* Asian buyers look to N. America for cheaper gas supplies
* Investors cite Australian costs as a reason for move
* Canada attracts growing number of investors in LNG
* Industry execs sceptical that cheap N. America prices will
By Meeyoung Cho and Florence Tan
DAEGU, South Korea, Oct 17 North America has
pushed Australia out of the top spot for new Asian investment in
gas development, with most of the supply from existing
Australian projects sold off and buyers hunting for cheaper
fuel, industry executives said this week.
Australia has been for the past several years the global
hotspot for Asian gas investors, with $190 billion in liquefied
natural gas (LNG) developments under way to take advantage of
its proximity to top buyers such as Japan and South Korea.
But its seven current projects have been parcelled out to
off-takers and equity stakeholders, and no new projects are
expected to move forward within the next year.
That slowdown and the pull of cheap, abundant North American
shale gas has turned heads towards projects just setting up for
development in the United States and Canada that are aiming to
fill Asia's still burgeoning LNG demand.
"The cost of Australian grassroot projects is going up ...
so probably we need to pause," said Shigeru Muraki, chief
executive of the energy solution division at Tokyo Gas,
speaking at the World Energy Conference in South Korea.
"We're now moving to the U.S. We've already invested in two
gas fields - one in Dallas and the other in Canada."
A spate of approvals on U.S. gas export projects, about 50
million tonnes a year of capacity, has removed some of the
uncertainty over its LNG supplies, while Canada's vast potential
is attracting rising numbers of Asian buyers and investors.
Japanese power monopolies will build 12 gas-fired power
plants next year as Tokyo struggles to make up for a shutdown of
nuclear reactors. South Korea, amid its own safety scandal, is
also looking to cut dependence on nuclear power, which would
further boost its gas demand.
Other LNG buyers such as Thailand's PTT Pcl are
emerging in Southeast Asia as countries try to diversify away
from oil and coal, and as regional output growth fails to keep
up with domestic requirements.
Malaysia's state oil firm Petronas recently became Canada's
largest foreign direct investor with its $35 billion plan to
develop shale gas assets and build an LNG export terminal in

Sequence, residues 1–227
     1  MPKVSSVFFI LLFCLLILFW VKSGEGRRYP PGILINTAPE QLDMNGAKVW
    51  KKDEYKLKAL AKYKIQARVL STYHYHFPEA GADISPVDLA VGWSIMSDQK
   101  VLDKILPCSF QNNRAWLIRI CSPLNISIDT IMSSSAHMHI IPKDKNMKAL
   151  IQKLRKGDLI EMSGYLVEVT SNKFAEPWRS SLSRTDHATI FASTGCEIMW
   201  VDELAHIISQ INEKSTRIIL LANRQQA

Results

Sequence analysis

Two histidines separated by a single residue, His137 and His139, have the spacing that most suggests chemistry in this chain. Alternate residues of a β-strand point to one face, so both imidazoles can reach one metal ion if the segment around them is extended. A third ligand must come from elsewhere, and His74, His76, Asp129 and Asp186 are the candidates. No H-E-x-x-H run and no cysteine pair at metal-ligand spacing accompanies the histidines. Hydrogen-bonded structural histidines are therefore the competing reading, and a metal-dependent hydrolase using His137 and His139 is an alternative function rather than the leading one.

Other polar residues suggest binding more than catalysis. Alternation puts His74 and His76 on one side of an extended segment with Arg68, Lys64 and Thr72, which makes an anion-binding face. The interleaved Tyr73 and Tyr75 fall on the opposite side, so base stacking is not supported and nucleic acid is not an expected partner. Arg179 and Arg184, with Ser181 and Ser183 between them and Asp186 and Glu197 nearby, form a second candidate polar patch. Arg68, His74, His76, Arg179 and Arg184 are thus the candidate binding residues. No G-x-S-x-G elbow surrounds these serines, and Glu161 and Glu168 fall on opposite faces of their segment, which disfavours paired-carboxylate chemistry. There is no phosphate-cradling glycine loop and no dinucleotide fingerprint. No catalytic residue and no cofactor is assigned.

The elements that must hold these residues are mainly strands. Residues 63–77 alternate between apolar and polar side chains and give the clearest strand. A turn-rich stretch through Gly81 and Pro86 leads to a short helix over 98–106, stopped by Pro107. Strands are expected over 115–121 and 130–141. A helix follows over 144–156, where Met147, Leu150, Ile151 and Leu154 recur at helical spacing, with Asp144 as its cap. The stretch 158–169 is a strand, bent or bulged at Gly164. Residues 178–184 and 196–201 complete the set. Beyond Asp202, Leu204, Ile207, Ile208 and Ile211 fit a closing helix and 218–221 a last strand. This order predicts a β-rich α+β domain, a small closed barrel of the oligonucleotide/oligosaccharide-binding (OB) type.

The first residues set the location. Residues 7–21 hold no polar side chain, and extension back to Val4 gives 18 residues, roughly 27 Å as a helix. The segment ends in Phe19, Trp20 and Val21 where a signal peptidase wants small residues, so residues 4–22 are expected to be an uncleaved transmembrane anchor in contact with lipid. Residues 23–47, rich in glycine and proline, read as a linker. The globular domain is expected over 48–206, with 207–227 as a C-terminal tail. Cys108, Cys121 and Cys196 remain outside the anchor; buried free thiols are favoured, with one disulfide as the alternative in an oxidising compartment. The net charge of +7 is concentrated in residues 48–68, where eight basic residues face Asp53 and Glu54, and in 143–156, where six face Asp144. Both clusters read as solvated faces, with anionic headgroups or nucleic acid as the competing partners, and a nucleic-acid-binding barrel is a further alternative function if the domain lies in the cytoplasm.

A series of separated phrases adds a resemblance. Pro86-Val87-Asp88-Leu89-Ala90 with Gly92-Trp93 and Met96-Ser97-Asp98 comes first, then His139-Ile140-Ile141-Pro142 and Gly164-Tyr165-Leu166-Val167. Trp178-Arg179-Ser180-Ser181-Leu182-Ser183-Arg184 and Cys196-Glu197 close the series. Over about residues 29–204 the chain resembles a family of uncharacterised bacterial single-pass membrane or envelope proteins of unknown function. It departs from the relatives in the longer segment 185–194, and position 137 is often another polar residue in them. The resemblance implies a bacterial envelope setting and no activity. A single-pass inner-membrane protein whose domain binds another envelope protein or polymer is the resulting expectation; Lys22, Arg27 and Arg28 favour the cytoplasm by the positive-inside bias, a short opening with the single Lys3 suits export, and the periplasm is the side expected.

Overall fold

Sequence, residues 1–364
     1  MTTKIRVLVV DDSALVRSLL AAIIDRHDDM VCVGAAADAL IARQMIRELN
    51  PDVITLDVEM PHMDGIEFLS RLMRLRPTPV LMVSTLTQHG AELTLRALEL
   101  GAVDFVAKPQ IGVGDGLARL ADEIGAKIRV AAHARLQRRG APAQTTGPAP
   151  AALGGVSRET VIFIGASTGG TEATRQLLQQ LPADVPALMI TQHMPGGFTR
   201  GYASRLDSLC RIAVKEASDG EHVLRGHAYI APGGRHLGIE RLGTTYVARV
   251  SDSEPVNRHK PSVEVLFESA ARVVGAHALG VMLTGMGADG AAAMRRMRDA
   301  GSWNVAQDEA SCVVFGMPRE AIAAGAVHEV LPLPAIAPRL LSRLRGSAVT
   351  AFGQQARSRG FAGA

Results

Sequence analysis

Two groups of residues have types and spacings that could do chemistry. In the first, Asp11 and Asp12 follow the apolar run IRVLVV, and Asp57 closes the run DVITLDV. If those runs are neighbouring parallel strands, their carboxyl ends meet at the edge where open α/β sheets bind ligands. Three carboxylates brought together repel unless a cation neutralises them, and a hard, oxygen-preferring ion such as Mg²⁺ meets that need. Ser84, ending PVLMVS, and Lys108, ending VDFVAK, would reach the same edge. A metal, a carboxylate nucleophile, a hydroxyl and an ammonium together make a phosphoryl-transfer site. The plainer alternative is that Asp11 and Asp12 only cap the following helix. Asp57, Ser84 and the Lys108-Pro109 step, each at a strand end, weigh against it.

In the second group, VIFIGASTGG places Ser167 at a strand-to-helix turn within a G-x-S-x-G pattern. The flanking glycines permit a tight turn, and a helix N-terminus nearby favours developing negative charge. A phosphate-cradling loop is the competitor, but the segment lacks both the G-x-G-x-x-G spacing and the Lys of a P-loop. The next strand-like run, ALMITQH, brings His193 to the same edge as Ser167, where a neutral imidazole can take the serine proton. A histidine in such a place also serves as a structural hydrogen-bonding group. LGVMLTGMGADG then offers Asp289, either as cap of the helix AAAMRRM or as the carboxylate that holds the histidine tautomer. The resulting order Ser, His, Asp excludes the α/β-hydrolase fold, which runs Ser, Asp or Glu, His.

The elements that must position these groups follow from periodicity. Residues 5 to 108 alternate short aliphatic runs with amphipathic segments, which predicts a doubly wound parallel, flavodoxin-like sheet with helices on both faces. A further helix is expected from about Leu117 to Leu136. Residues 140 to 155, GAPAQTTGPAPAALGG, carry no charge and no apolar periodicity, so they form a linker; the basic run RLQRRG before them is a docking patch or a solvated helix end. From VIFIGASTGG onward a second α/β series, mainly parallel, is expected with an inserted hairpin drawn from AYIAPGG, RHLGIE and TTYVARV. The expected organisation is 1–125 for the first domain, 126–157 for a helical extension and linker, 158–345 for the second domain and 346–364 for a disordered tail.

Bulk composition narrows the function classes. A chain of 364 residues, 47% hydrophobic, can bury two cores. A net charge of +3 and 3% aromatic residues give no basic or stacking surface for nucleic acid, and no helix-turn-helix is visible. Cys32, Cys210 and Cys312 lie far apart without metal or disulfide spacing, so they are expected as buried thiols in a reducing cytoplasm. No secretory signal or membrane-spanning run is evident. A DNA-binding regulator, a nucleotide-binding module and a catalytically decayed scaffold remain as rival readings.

"We're two-and-a-half days closer to Asia, as far as
shipping is concerned. Our ambient temperature is a lot cooler
than anywhere else in the world, so it takes less energy to make
LNG in British Columbia than anywhere else," said Rich Coleman,
British Columbia minister for natural gas development, speaking
on the province's market advantages.
TransCanada Corp, which is planning to build
pipelines to transport Canadian gas to two LNG export projects,
said its participation in projects honing in on Asia's
fast-growing demand ramped up suddenly.
"I would have never predicted that 24-36 months ago,"
TransCanada chief executive Russ Girling said, commenting on his
company participating in Asia-focused projects worth some C$14
billion ($13.53 billion).
Besides Petronas, the two LNG projects to be fed by
Transcanada pipelines involve investments from Korea Gas Corp
, Mitsubishi Corp and PetroChina Co Ltd
British Columbia, the Canadian province with the most gas
developments under way, has already attracted around $100
billion of investment so far with three major LNG projects,
Minister Coleman said.
SCEPTICISM ON LOWER PRICING
With all the potential investment in Canada and more supply
approved out of the United States, however, some in the industry
have warned against banking on cheap prices.
U.S. gas prices are around $3.80 per million British
thermal units (mmBtu), far lower than spot prices for LNG in
Asia, currently around $16 per mmBtu .
But the pricey liquefaction process, in which gas is cooled
so that it compresses into liquid, and shipping costs will add
up, and a substantial outflow of exports is likely to push up
U.S. benchmark gas prices.
"Over time the arbitrage is going to be consumed ... and you
can expect a convergence of prices," ConocoPhillips
executive vice president Don Wallette said.
U.S. gas prices of $3.50 to $4 per mmBtu are not sustainable
in any case, executives say.
That might provide another opening for Australia since the
rising projects costs there have levelled out with a weaker
Australian dollar and a slowdown of the mining boom that had
competed with gas developers for labour and other resources.
"The exponential growth in (costs), we've seen that flatten
out - what we haven't seen is a material decrease in prices,"
said Peter Coleman, chief executive of Woodside Petroleum